CARLOS RUIZ BRUSSAIN
Artist / Lecturer / Ph.D. Candidate, University of Northampton
Within the Hyperdream Magic Circle: Manifesting the unconscious through illustration play and games
Carlos Ruiz Brussain is an artist and a lecturer. His practice is in the fields of drawing, illustration, concept art and painting. He lectures in illustration, creative methodologies and creative techniques at ERAM Escola Universitaria-University of Girona (Spain). He holds a Master’s degree in Design from the University of Lincoln (UK) and a Postgraduate Diploma in Art Therapy from the University of Girona. He is a member of the Drawing Research Network; the Archive for Research in Archetypal Symbolism; the Teaching Innovation Network: Play and Learning (University of Girona); and the research group Play and New Technologies Applied to Teaching Innovation (University of Girona).
During the last decades a number of academic studies explored the relationships between play and creativity (Winnicott, 1971; Csikszentmihalyi, 1975; Landau, 1984; Martin and Bateson, 2013).
Still, the link between play, creativity and magic; the thought processes involved; and, the creative rituals that predispose artists for their “shamanic journeys” has been almost neglected. Beyond the isolated cases of A. O. Spare, X. Solar, and J. Pollock, Dadaists and Surrealists were the most important antecedent in the conjoint practice of the three disciplines but, even there is some literature on their ludic activities (Brotchie & Gooding, 1995; Laxton, 2003; Dickerman, 2005; Malone et al., 2009), and some that analyses the link between both avant-gardes and magic (Balakian, 1971; Choucha, 1992; Warlick, 2001; Moffitt, 2003; Rabinovitch, 2003; Lepetit, 2012; Bauduin, 2012), formal investigation about the relationship between games, magic and art is scarce. Additionally, fantasy thinking and rituals cannot be separated from ludic nor magic activity, but within the arts they have not been studied with the attention they deserve.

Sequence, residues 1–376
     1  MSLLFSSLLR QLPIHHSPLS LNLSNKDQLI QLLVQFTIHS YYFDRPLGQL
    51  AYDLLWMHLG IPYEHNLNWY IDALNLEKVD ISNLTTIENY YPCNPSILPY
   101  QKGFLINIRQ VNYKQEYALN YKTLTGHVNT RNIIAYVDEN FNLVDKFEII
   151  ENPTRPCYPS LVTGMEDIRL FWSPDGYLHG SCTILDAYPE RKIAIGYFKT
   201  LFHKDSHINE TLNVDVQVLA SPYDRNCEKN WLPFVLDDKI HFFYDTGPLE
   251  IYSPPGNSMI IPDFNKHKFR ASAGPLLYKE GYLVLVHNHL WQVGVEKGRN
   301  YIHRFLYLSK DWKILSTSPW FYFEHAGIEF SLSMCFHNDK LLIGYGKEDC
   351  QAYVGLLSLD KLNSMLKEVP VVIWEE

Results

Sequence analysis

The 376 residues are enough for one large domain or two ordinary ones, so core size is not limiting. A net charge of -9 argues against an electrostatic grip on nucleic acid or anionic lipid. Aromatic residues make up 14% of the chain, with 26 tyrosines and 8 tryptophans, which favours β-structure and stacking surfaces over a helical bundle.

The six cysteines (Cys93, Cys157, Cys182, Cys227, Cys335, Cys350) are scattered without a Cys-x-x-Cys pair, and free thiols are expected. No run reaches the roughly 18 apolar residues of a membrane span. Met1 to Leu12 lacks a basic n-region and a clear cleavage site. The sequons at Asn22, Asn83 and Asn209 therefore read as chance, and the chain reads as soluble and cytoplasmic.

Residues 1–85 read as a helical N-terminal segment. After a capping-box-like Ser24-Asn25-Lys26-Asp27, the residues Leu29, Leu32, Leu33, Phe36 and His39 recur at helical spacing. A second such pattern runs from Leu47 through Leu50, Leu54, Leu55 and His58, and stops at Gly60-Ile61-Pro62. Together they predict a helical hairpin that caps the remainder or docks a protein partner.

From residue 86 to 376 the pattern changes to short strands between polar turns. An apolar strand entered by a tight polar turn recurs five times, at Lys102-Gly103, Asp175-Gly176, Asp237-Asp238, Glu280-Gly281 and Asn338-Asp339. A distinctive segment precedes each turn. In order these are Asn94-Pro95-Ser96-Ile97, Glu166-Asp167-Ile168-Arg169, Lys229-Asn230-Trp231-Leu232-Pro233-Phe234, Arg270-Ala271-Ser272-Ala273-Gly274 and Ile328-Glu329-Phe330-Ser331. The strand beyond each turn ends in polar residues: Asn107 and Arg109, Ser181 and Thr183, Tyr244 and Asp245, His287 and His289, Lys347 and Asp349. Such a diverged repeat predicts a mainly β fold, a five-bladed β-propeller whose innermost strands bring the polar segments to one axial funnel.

My practice-led research analyses the development of a play-based creative framework for visionary and fantastic illustration practice. It is inspired by the world of dreams, reverie states, and fantasies and explores how fantasy thinking might be increased by the use of active imagination and play dynamics for their value as motivators for creativity. It encompasses different ludic approaches, techniques, and tools designed to provoke motivation through randomness and unexpectedness, which allows the emergence of raw archetypal and symbolic material.
I have been using Surrealist games, the theory of flow introduced by Csikszentmihalyi, and depth psychology as key references.
In conclusion, I argue that the thought processes involved in the creation of visionary and fantastic illustration should be related to fantasy thinking, which can be provoked by playful activities practiced as magical rituals.